Three distinguishing characteristics of modern on-premises cloud platforms

A critical component of the hybrid cloud platform is establishing an on-premises or private cloud to bridge the gap between traditional IT delivery and a public cloud, for workloads that can benefit from a cloud delivery model but need to remain on-premises.

The private cloud helps ensure the public cloud is exploited for appropriate workloads while maintaining traditional IT delivery for business-critical legacy applications, which can be optimized in place as needed. Rather than create a “competing” platform, the establishment of a private cloud creates a new center of gravity designed to naturally shift demand from existing infrastructure and shadow IT to a faster, less expensive and more capable alternative.

The on-premises or private cloud provides a cloud-like experience, while removing the constraints of traditional service delivery. It has three characteristics that distinguish it from previous virtualized environments:

  1. Infrastructure shifts to flexible converged and hyperconverged platforms and software-defined infrastructure services, replacing specialized, expensive servers and SAN infrastructures. Storage, computing and memory can be provisioned into blocks of computing resources via APIs as needed and can be billed on a usage basis.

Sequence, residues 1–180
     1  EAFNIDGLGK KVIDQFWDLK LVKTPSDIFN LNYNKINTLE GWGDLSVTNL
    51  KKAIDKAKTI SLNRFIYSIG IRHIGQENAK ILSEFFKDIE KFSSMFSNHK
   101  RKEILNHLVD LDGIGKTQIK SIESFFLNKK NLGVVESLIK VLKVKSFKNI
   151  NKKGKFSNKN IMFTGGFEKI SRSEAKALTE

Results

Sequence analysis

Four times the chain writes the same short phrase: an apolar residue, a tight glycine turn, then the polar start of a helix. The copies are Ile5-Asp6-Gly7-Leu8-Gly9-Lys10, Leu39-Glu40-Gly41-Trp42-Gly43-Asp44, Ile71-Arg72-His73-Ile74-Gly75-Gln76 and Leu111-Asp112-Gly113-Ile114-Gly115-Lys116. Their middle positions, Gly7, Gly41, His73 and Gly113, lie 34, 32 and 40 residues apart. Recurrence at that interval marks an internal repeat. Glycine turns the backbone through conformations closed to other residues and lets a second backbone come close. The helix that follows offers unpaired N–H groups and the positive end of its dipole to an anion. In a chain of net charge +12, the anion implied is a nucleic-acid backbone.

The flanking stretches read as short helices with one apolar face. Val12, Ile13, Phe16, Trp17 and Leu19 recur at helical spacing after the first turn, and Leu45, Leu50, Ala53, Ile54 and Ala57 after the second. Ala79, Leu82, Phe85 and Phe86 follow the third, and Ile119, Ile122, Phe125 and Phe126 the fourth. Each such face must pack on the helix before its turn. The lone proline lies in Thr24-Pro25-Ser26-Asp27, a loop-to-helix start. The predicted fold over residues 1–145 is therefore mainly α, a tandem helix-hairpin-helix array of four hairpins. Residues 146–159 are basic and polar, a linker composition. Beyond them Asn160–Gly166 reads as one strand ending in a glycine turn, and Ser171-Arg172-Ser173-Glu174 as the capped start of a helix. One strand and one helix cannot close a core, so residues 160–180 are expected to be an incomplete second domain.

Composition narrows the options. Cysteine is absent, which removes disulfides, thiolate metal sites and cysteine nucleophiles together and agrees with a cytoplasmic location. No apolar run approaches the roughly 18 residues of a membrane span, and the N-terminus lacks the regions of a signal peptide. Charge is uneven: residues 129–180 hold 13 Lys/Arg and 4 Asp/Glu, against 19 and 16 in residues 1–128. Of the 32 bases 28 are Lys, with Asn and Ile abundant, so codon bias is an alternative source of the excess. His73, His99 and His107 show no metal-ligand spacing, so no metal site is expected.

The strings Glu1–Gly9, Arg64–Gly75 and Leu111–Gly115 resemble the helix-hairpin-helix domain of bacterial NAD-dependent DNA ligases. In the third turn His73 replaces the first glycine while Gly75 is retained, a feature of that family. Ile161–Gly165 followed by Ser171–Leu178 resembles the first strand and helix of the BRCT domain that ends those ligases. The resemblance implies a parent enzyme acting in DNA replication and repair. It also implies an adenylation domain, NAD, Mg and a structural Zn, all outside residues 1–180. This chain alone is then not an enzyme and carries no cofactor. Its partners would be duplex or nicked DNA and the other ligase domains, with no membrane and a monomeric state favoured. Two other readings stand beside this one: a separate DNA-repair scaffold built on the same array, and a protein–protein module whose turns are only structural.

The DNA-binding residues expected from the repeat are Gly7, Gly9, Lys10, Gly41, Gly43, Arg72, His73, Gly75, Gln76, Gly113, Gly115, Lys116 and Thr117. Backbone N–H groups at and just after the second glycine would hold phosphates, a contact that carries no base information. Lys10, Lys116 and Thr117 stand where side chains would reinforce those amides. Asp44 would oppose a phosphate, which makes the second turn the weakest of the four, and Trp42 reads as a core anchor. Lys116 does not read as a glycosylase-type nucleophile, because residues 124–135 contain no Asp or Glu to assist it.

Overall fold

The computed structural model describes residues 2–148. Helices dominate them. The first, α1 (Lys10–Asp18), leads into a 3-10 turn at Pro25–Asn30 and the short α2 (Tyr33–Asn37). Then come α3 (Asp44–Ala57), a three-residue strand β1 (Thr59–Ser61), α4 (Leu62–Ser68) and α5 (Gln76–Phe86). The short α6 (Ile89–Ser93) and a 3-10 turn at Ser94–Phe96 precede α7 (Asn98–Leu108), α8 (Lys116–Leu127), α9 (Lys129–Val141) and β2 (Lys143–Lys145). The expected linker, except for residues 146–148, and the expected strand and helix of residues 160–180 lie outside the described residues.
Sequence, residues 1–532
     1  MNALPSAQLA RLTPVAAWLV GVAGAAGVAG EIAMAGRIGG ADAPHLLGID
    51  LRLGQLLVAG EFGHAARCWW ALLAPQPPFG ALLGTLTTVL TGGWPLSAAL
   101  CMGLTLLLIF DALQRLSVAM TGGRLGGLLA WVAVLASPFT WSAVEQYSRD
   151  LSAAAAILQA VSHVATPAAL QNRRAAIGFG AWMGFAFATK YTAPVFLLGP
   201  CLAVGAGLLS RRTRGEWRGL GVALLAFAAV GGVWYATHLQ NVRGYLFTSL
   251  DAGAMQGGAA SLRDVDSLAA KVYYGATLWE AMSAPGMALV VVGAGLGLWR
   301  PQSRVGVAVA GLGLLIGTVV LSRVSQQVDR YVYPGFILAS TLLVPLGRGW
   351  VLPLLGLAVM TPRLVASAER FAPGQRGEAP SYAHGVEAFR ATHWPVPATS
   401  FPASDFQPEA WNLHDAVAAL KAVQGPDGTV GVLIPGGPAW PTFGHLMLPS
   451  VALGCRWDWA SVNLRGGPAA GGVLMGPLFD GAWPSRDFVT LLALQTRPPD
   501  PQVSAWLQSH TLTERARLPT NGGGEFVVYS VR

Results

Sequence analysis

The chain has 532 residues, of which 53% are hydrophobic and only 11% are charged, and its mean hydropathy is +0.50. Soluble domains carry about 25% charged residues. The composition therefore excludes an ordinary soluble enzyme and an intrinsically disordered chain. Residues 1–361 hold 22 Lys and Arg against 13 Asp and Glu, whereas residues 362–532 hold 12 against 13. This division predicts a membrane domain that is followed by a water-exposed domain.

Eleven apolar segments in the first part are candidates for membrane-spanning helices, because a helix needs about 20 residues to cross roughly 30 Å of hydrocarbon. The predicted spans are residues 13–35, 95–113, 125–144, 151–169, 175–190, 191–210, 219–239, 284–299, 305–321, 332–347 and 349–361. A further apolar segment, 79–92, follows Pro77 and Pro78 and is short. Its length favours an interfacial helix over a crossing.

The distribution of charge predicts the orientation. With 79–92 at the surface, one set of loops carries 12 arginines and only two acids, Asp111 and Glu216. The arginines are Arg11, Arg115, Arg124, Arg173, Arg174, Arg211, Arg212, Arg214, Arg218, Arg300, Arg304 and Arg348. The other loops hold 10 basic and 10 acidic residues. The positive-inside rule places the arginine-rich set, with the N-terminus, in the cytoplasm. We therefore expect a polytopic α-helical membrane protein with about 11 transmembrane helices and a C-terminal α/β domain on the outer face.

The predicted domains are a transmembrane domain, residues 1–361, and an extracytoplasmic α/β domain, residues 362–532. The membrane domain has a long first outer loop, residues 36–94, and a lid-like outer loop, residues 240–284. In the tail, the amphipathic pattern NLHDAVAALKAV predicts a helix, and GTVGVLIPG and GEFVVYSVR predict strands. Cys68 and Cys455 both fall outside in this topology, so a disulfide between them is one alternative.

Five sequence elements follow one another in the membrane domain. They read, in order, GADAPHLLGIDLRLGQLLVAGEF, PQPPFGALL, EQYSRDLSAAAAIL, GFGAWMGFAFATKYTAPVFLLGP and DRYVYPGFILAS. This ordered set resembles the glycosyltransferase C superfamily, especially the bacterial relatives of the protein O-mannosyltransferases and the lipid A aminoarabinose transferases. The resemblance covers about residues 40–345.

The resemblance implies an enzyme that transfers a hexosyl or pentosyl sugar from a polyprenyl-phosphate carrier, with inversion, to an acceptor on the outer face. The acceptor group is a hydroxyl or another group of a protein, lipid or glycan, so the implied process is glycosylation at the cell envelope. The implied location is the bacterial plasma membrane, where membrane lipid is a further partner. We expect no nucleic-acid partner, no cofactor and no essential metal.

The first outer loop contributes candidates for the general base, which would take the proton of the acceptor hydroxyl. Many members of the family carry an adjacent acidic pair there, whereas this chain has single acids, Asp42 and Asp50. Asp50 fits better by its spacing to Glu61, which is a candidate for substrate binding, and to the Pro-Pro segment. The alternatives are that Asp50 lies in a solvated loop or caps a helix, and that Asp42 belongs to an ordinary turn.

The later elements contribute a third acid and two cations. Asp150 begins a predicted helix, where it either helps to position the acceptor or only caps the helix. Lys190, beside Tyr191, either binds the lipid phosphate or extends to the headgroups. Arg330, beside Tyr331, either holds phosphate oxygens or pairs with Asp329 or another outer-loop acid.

2. Provisioning shifts from manual to automatic. Self-provisioning allows business units to request resources and build environments on demand. Automation and platform services make it possible to support important advances in continuous application development and delivery. DevOps, which requires tight integration between development and testing resources and the business, relies on the ability to rapidly deploy and maintain applications in different environments.
  3. Workload management shifts from static to dynamic and elastic. A major advance in platform design is the ability to move workloads between clusters of computing resources based on rules or on conditions that are detected when a workload is running. This allows the system to strike just the right balance, providing the amount of computing resources and agility necessary to maintain a specified quality-of-service level without overcommitting resources during workload changes.

With a hybrid cloud platform, workloads can be shifted between private and public infrastructure for policy, flexibility and scale. The hybrid cloud platform represents a significant shift in infrastructure strategy — but it doesn’t have to disrupt current systems, which means this approach can be a positive initial step as part of a digital transformation or can be deployed as a solution to a discrete business requirement.

Read more in the position paper, Enabling the Enterprise Through Hybrid Cloud.


James Miller is DXC Technology’s chief technology officer and vice president for Cloud, Platforms and IT Outsourcing. He builds key client relationships, advises senior leadership on technology trends and initiatives, and provides oversight and thought leadership to grow DXC and client business. Previously, Jim was the industry chief technologist for manufacturing, automotive, aerospace and defense, and strategic accounts at Hewlett Packard Enterprise. He was responsible for developing innovative solutions that were transformative for the client and for the industry. @JamesMi82285791

RELATED LINKS

How does a business benefit from hybrid cloud?

Five Reasons Managed Cloud Services Should be Part of Your Hybrid Strategy

Transforming to a digital enterprise

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